Massachusetts Daily Collegian

The hardest goodbye

By Patrick Hoff

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Courtesy of Jaclyn Bryson)

(Courtesy of Jaclyn Bryson)

If you asked me six months ago, I could’ve told you how I wanted to start my senior column. But sitting down now, I don’t know where to begin.

Should I write about how thankful I am for the opportunity to work at such a wonderful place? The uniqueness of a college newsroom? Everything this place has taught me, about journalism, about myself, about life?

There’s also all the friends I made here. Every person that touched my life. All the great laughs we had, every joke we made, every party we had. The friends I never expected to make but that I love like family members.

The Collegian has meant so much to me over the past three and a half years. It’s the place I went when I had exciting news, the place I went when I wanted to relax, the place I went when I got my heart broken (and where I fell in love again). I went there even when I didn’t want to.

The Collegian was my home.

In September 2012, I was a nervous freshman, tasked by my father to go to the school newspaper.

“If you want to be in journalism, you have to start getting clips,” he told me.

While initially I thought about following my father’s footsteps and working at the college radio station, I ended up walking into the Collegian during the second week of my freshman year through some twist of fate. Little did I know how life changing that decision would be.

The Collegian is truly about the people. Every writer and every editor is a member of a very special group, filling the newsroom with a particular energy that is so welcoming and comforting. As intimidating as it was walking into the newsroom as a freshman, I’ll never forget watching writers and editors bustle around the office and knowing I found my place – a feeling that was solidified during coverage of the 2012 presidential election. The excitement that filled the newsroom, the fast pace of news coming in, covering my first “Southwest gathering” and staying in the office until 5 a.m. (only the second latest I ever stayed in the Collegian) proved to me that I had journalism in my blood, and the Collegian was my home.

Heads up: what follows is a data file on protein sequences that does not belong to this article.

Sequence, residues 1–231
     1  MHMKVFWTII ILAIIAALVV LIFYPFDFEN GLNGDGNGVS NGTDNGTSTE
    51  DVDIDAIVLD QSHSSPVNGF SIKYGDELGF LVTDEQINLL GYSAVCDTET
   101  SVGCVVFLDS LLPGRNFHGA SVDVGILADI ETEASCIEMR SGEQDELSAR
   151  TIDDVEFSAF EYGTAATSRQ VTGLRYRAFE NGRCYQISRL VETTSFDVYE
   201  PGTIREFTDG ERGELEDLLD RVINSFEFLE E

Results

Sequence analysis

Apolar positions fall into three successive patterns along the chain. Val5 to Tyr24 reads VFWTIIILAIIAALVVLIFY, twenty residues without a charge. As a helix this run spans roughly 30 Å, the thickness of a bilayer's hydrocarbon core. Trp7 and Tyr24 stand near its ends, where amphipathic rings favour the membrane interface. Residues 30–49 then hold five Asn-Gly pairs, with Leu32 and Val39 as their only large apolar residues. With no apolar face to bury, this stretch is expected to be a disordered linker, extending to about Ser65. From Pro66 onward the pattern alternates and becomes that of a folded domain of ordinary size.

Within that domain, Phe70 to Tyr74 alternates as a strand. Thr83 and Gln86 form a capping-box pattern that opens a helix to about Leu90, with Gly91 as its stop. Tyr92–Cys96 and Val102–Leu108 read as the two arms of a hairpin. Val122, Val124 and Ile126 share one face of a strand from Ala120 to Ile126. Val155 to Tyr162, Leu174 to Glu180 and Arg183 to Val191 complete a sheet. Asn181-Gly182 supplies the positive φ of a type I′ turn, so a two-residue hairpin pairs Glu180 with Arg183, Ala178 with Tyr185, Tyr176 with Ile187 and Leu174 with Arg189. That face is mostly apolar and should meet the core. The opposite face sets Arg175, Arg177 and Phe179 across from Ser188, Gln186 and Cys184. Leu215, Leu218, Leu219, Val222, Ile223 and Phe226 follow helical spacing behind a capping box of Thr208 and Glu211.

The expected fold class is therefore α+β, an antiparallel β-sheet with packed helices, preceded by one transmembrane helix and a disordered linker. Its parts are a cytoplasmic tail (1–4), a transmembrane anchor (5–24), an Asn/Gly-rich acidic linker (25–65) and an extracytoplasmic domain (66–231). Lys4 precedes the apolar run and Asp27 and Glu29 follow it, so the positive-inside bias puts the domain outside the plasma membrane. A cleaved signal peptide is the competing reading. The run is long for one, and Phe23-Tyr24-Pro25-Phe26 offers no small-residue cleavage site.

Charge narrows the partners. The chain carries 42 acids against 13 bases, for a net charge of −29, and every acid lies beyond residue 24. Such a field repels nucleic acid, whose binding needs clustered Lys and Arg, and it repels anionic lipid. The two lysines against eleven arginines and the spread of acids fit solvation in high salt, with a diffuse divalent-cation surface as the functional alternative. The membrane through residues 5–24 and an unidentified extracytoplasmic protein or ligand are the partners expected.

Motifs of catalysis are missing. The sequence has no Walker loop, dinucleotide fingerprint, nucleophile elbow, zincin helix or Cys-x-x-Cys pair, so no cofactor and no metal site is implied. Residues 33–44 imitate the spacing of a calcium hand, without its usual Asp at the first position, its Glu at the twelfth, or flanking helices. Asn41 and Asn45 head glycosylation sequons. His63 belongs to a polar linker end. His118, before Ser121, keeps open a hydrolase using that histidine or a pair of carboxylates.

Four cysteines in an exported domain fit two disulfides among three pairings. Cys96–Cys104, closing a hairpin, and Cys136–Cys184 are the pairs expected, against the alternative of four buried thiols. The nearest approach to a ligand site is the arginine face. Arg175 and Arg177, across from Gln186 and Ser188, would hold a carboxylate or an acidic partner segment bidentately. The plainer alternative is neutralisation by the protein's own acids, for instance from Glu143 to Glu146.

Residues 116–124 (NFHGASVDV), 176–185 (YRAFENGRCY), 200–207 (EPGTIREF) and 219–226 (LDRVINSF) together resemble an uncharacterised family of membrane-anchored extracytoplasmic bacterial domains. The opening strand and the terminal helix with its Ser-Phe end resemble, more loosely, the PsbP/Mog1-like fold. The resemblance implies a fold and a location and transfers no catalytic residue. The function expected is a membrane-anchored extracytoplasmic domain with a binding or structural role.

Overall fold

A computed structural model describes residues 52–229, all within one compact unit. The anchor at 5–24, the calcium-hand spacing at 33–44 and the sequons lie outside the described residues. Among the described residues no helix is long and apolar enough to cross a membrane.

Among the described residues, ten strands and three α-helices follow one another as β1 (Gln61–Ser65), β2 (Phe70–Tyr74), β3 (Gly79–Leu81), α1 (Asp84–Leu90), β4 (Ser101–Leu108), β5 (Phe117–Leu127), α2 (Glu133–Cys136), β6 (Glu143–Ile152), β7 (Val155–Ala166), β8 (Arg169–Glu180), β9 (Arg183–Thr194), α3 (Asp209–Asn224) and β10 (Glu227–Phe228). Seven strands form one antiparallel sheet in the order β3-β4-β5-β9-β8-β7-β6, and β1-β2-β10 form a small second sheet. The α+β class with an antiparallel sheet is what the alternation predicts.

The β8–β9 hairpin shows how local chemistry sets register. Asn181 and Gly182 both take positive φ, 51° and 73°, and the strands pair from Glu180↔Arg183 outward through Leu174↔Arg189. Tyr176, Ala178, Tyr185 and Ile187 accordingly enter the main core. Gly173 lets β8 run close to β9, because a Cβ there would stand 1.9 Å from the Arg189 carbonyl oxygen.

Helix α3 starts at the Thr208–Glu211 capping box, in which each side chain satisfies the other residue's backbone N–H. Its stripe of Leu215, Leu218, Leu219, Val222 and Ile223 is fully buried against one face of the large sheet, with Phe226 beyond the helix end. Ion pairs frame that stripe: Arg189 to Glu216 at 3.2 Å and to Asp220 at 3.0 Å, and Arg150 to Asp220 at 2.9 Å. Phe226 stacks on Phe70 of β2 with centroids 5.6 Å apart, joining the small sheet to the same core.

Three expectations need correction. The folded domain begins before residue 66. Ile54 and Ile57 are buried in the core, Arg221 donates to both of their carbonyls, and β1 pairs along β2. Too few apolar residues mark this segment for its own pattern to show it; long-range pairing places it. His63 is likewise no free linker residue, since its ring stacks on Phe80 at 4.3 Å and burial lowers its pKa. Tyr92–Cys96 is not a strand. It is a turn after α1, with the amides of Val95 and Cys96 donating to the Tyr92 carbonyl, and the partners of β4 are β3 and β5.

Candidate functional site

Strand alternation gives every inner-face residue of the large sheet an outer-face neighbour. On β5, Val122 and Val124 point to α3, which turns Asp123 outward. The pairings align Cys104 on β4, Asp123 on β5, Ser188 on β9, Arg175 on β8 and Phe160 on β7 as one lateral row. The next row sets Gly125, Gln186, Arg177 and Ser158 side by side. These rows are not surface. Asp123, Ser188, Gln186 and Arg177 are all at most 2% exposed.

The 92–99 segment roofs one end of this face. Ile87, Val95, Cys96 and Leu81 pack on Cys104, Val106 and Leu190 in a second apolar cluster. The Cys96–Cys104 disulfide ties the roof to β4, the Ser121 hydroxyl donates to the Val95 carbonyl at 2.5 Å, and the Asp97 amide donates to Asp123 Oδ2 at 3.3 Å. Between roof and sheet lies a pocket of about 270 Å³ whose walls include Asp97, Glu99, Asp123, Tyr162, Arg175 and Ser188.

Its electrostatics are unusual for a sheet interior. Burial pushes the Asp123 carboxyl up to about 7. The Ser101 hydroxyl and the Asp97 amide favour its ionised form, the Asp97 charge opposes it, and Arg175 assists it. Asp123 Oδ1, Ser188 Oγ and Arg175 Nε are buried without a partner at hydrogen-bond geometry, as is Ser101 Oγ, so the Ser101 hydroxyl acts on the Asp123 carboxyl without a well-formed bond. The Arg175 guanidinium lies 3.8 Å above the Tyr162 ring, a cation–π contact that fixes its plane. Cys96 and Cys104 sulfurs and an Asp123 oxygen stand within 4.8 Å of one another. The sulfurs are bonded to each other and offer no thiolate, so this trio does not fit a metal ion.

Two years later, I was in charge of that newsroom, as managing editor, and it was the proudest day of my life the first day I saw my name listed as such. Some people say Disney is the happiest place on Earth. For me, it was the Collegian, and running the newsroom was a dream come true.

Working in the Collegian transformed me from a low-confidence teenager to a strong-willed young adult, through the different people I met, the friends I made and the experiences I had. It’s a place like no other I’ve ever been, and from what I’ve been told, I’ll never be again. The real world, a professional newsroom, is vastly different from a college newsroom. Gone are the late nights of just talking and eating pizza. You can’t have an ‘80s-themed party on the weekend, and when you’re in a professional newsroom, you’re expected to be doing work – nobody comes to the newsroom just to hang out and see their friends. The college newsroom is a special place, and to me, the Collegian is the most special of all.

It’s hard to put into words how much the Collegian has meant to me, and how I feel about it, especially while avoiding a minefield of clichés. The hundreds of hours I spent in the basement offices were some of the best times of my college career, even when it was 3 a.m. and the arts staff hadn’t finished the Halloween issue. I was in the office even when I didn’t need to be – eating lunch, taking naps on couches or doing homework. I spent more time in the Collegian office than I did in my own dorm or apartment (I haven’t done the math, but I can pretty much guarantee it).

The saddest part about leaving the Collegian: I expected to be writing my senior column in April, rather than December. But as quickly as fate brought me to the Collegian offices, it’s whisking me away on my next adventure. I’m scared, excited and sad, but I know I’m ready.

I’ll miss you, Collegian. But we’ll always have Amherst.

 

Patrick Hoff was the managing editor, and can be followed on Twitter @Hoff_Patrick16.

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